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 Korea, EU open 7th round of free trade talks
Manager 님의 글입니다. 2008-05-27 07:23:29, Hit : 2,819, Vote : 566

Korea and the European Union (EU) launched their seventh round of free trade negotiations on Tuesday (May 13) to resolve some sticky issues such as tariff concessions and auto-related technical standards.

Since concluding an FTA with the United States last year, Korea has held six rounds of negotiations with the EU in a bid to gain greater footing in the 27-nation economic bloc, Korea's second-largest trading partner after China.      

The negotiations, however, have made little headway as both sides have been reluctant to accept each other's demands on tariff reduction, auto trade and auto-related technical standards, one of the most divisive issues between the two sides.

Lee Hye-min, Seoul's chief negotiator in the talks, held a meeting with his EU counterpart Ignacio Garcia Bercero on Monday ahead of sectional meetings, in an effort to add momentum to the slow-moving free trade talks.

Bilateral trade came to $89.8 billion in 2007, with some unofficial studies suggesting an FTA would boost that figure by as much as 40 percent in the long run. The EU is also the largest foreign investor in Korea, with outstanding investment reaching $44.8 billion at the end of 2007.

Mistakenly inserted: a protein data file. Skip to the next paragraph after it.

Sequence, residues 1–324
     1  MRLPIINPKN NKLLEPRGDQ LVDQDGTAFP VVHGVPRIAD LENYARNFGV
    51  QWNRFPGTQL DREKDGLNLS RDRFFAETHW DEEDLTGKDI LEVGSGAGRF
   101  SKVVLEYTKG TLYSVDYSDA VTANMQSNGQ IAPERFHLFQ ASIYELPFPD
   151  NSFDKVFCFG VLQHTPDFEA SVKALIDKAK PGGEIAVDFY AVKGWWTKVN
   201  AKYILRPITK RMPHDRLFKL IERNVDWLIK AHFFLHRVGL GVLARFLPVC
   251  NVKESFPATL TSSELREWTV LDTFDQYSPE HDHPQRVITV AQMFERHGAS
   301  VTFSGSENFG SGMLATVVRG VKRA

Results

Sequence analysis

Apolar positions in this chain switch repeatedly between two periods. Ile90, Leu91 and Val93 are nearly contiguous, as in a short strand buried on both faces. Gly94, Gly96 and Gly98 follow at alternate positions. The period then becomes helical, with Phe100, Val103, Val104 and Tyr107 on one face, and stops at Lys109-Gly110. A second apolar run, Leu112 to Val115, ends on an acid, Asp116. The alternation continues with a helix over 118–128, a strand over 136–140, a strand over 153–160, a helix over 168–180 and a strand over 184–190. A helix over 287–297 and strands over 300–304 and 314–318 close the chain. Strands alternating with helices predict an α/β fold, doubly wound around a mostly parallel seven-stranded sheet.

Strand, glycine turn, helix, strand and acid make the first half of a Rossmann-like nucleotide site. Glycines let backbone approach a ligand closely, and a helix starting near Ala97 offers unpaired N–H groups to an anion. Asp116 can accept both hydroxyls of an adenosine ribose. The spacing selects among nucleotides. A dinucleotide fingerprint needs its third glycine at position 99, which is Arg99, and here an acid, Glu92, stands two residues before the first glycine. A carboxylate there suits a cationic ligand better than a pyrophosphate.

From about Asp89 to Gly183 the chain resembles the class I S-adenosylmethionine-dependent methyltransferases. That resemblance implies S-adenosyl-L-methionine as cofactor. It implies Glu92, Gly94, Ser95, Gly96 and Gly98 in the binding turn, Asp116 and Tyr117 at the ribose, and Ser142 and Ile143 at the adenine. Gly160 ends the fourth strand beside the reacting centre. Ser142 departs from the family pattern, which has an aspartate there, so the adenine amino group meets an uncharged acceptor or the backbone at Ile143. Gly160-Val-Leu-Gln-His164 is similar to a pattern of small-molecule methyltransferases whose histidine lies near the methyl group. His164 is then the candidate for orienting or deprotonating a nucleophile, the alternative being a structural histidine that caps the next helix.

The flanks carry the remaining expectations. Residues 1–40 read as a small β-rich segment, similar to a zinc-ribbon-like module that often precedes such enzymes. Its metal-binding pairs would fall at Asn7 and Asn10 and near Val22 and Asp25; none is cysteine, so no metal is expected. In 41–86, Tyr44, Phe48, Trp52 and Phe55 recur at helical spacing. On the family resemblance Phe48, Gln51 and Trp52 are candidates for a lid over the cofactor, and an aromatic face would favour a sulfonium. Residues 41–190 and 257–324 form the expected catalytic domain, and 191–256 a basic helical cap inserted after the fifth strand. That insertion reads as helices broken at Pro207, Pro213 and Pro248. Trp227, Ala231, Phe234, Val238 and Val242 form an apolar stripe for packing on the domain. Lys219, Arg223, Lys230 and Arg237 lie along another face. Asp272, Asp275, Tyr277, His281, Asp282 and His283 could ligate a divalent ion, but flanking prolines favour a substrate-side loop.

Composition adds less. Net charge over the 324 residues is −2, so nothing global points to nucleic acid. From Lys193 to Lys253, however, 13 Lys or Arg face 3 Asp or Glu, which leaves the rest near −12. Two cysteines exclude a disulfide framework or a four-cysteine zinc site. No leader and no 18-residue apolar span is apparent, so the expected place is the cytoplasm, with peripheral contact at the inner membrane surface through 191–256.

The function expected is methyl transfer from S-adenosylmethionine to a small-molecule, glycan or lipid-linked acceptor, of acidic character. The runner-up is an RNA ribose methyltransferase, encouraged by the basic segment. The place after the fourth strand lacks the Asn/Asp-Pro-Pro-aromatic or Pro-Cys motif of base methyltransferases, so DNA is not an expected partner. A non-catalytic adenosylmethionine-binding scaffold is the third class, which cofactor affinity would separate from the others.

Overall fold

Korea demands the EU ease its rules of origin, under which a product is considered as manufactured by a trading partner only if at least 60 percent of the finished item is made in that country.

"The EU side has softened its stance on the rules of origin, but its offer should further improve," a Korean negotiator said, asking not to be named.

Auto tariff and auto-related technical standards, among other issues, are also major hurdles to a bilateral FTA. Brussels wants Seoul to cut regulations on European carmakers by applying international standards instead of domestic rules.

The EU demands that Korea cut tariffs on cars and other products to the same extent that it did in its trade deal with the U.S.

Seoul says it would remove all tariffs on industrial goods within three years with some exceptions, and eliminate tariffs on roughly 72 percent of EU goods as measured by value in three years, compared with 68 percent in a previous offer.        

But the EU expressed disappointment with South Korea's offer, saying it falls short of the accord Seoul signed with Washington in June.

The EU is demanding that Korea cut tariffs on cars and other products to the same extent that it did in the trade deal with the United States.

Korea is seeking to sign FTAs with as many countries as possible in an effort to power its export-oriented economy.

Currently, Korea has FTAs with Chile, Singapore and the European Free Trade Association as well as a partial pact with the Association of Southeast Asian Nations. Seoul is also seeking similar trade deals with Canada, India and Mexico.


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